Health and activity

The healthy zebrafish

The average lifespan of zebrafish in the wild is about two years, whereas laboratory-held fish can get older. However, laboratory life is associated with a greater risk of welfare and health problems such as deformities (scoliosis, see figure 1) and weight loss (see figure 2). 

The health and welfare of zebrafish can be compromised in two ways:
1.    by pathogens such as bacteria, parasites and – in rare instances – viruses;
2.    by poor water quality, and housing and management issues. 

The consequences of such problems are visible as changes in the fish’ appearance (loss of colour, the emergence of red lesions or distinct weight loss), or behavioural changes (lethargy, loss of balance or swimming near the bottom of the tank) and these changes can be measured. Mutants can also develop health and welfare problems.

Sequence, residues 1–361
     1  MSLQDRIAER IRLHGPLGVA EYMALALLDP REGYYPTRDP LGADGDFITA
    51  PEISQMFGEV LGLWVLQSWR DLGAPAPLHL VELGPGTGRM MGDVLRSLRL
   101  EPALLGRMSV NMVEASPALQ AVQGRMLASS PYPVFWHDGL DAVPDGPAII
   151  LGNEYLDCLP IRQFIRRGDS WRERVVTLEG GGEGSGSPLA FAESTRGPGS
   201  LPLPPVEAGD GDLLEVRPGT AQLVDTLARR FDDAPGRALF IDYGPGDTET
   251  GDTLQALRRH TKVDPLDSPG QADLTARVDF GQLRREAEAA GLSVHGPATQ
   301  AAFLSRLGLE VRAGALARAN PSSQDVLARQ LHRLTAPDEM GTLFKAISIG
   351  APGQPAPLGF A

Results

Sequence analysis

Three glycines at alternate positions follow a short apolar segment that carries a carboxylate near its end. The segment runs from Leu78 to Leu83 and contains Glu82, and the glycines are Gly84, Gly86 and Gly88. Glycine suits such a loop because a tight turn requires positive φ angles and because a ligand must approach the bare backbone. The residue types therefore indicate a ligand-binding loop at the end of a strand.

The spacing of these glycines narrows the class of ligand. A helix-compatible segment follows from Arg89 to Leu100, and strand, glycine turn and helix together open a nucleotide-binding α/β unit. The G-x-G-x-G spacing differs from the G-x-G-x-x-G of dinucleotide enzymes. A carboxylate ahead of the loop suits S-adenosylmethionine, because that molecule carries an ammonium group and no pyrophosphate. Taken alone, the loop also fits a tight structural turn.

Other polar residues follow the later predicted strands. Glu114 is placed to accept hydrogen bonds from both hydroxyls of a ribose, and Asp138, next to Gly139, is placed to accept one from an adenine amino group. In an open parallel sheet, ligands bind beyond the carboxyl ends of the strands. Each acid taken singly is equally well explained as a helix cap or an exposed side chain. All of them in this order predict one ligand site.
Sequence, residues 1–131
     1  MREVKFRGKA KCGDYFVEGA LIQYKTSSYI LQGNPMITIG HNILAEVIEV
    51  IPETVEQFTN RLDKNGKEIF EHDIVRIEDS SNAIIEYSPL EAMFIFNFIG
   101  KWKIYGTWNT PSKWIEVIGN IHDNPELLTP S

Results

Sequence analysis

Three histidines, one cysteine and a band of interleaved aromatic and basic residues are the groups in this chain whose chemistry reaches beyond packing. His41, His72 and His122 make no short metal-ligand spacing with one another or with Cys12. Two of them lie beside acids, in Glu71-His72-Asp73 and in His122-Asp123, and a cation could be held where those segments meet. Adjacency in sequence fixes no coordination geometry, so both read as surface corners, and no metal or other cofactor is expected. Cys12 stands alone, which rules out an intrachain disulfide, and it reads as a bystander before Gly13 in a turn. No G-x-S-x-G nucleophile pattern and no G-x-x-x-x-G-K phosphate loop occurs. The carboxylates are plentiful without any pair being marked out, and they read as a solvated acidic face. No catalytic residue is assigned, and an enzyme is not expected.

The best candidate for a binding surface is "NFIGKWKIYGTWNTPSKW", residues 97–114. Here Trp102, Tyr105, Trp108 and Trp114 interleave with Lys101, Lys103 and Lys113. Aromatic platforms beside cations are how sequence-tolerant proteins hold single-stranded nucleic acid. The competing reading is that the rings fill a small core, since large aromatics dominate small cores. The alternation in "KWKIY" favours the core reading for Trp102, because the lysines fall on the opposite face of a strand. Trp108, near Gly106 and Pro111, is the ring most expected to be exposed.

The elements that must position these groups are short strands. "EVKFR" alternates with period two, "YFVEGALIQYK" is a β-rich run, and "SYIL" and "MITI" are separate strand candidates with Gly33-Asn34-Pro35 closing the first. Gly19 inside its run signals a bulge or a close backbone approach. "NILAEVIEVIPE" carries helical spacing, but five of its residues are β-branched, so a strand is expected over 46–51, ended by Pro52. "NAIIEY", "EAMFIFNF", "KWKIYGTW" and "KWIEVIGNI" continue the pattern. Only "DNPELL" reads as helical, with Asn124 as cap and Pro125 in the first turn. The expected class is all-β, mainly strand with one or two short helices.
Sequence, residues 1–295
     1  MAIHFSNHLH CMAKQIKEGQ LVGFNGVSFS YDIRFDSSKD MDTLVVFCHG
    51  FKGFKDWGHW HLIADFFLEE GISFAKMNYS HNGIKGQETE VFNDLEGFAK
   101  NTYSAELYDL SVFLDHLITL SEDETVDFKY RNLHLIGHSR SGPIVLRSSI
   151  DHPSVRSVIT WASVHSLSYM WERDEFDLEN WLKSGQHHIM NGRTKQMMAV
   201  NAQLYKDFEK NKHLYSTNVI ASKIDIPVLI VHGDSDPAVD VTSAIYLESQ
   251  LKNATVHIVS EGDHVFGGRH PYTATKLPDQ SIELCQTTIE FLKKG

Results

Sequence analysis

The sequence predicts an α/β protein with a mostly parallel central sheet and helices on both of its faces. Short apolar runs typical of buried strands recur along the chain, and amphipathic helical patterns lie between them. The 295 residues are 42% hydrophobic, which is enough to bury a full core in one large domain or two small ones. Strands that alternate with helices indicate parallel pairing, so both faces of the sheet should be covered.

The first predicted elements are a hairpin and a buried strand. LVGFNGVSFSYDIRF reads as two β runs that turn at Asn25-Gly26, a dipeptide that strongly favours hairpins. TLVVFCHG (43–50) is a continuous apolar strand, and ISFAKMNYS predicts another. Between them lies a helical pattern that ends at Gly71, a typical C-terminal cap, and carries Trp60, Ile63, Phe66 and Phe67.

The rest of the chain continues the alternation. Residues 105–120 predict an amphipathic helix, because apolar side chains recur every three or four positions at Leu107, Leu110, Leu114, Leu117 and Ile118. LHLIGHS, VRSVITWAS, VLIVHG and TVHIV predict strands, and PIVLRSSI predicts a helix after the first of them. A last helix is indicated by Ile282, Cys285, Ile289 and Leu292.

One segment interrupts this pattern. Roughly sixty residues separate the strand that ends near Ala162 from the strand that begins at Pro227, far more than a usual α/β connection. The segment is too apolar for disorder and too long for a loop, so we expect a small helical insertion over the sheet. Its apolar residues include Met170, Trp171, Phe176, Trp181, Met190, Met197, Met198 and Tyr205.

The figure below provides a diagrammatic overview of causes of health and welfare problems in zebrafish and their manifestation in appearance (left) and behaviour (right).


Effective disease prevention and treatment are of the essence for optimal zebrafish husbandry. Below is a diagrammatic overview of the prevention and resolution of health and welfare problems in zebrafish.

Schema preventie


Zebrafish are diurnal animals. At night, they are less active and at rest/asleep, so it is important to maintain a day-night cycle, typically 14 hours of light and 10 hours of darkness (14L:10D). It is best to regulate the light so it slowly fades on and off (mimicking sunrise and sunset) to prevent sudden changes, which can startle fish.


Figure 1. Mild spinal deformity in a TL female (scoliosis)


Figure 2. An emaciated TL male (in this case it is the result of the experimental treatment).